Website Design Impacts Likelihood of a Customer Test Drive
By: Jeff Youngs, 1/31/2014
For 15 years, the semi-annual J.D. Power study has evaluated how new-vehicle buyers feel about auto manufacturer websites during the new-vehicle shopping process based on the following criteria, listed in order of importance: information/content, navigation, appearance, and speed. Acura ranks highest in customer satisfaction (859 points of a 1,000-point scale) in the 2014 MWES--Winter, followed by Jeep (851) and Infiniti (850).
Among new-vehicle shoppers who are "delighted" with their experience on an auto manufacturer's website, 73% indicate they are more likely to test drive a vehicle after visiting the auto manufacturer's website, compared with 16% of new-vehicle shoppers who say they are "disappointed" with their experience.
As more manufacturer sites move to responsive design as a way to manage the multiple ways that consumers access online content across computers, tablets, and smartphones, desktop computer users have a fairly consistent experience on websites with responsive design technology and more traditionally designed websites. The key challenge for developers, transitioning to responsive design, is offering a navigational framework that will work seamlessly for desktop, tablet, and smartphone users.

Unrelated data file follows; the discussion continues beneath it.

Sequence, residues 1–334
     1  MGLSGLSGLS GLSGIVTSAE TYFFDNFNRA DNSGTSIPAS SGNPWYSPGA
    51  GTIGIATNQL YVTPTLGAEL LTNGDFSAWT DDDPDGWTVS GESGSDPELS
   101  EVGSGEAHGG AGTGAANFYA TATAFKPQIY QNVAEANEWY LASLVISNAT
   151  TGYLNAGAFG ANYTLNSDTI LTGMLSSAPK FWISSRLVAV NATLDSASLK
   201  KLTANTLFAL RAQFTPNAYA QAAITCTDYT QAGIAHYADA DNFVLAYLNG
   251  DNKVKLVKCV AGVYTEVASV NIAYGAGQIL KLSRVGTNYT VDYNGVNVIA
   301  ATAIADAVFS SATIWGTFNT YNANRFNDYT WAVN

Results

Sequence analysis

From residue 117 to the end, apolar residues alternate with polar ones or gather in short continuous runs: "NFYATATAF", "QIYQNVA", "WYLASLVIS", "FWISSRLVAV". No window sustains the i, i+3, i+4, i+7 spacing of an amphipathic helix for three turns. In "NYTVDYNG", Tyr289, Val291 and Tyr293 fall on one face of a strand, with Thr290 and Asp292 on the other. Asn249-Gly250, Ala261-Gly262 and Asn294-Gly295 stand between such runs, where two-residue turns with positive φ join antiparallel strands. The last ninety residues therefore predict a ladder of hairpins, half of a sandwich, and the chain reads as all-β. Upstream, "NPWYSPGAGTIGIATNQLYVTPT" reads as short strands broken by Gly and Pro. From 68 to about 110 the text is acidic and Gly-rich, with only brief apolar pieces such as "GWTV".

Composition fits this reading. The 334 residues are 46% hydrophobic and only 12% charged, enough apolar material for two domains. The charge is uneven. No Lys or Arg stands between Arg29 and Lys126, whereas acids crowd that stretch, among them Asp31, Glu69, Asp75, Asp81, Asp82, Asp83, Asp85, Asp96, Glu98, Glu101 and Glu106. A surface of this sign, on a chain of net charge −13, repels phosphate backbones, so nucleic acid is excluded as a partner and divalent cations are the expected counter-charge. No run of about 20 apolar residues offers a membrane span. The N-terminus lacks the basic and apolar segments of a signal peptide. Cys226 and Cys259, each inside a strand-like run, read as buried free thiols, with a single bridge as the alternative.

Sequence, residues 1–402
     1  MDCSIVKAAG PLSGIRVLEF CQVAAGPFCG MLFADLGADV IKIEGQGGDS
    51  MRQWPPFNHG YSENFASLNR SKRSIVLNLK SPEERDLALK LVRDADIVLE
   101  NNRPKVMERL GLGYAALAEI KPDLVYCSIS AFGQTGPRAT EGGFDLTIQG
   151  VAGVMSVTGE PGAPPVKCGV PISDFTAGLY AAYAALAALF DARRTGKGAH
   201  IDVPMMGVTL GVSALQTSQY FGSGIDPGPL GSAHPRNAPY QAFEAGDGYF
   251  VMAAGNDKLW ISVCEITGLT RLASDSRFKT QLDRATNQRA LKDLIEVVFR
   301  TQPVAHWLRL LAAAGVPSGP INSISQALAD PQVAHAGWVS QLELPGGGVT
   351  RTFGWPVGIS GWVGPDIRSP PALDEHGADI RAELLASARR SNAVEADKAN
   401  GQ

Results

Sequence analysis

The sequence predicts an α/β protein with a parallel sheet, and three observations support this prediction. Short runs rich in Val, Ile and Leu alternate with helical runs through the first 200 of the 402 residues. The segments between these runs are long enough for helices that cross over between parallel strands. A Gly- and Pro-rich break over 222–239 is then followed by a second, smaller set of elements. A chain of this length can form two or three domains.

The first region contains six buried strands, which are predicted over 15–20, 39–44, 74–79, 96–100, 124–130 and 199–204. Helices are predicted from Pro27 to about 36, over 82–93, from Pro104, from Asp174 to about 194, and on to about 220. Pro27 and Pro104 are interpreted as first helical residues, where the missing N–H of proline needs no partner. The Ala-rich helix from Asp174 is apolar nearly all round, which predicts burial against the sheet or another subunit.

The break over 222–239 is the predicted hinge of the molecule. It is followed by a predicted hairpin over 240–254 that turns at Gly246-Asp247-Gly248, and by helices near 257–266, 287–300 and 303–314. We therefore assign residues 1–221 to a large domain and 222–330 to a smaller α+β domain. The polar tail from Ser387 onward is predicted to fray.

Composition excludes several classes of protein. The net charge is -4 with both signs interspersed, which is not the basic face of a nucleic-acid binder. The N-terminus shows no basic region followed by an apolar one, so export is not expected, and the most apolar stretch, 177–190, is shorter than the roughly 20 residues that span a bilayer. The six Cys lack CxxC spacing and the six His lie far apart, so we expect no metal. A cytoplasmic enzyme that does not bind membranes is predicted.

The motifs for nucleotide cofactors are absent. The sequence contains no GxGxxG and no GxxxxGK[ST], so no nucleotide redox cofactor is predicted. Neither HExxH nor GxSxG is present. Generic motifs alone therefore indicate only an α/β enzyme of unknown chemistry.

"Developing robust and easy-to-use navigation and offering the right amount of content is critical for websites that are transitioning to a single responsive design site," said Arianne Walker, senior director, automotive media & marketing at J.D. Power. "If the site does not function well or takes a long time to load the page content, some shoppers may turn to other sources, where they may discover other brands and models, or even lose confidence in the brand itself and cross the vehicle off their shopping list."
Responsive website designs allow visitors to view the same information regardless of whether they are using a desktop computer, laptop computer, tablet computer, or a smartphone. According to the 2014 MWES--Winter, 21% of automotive brands have adopted responsive design technology.
J.D. Power fielded the 2014 MWES--Winter between November 7, 2013, and December 4, 2013, gathering responses from 9,469 new-vehicle shoppers who claim to be in the market for a new vehicle within the next 24 months.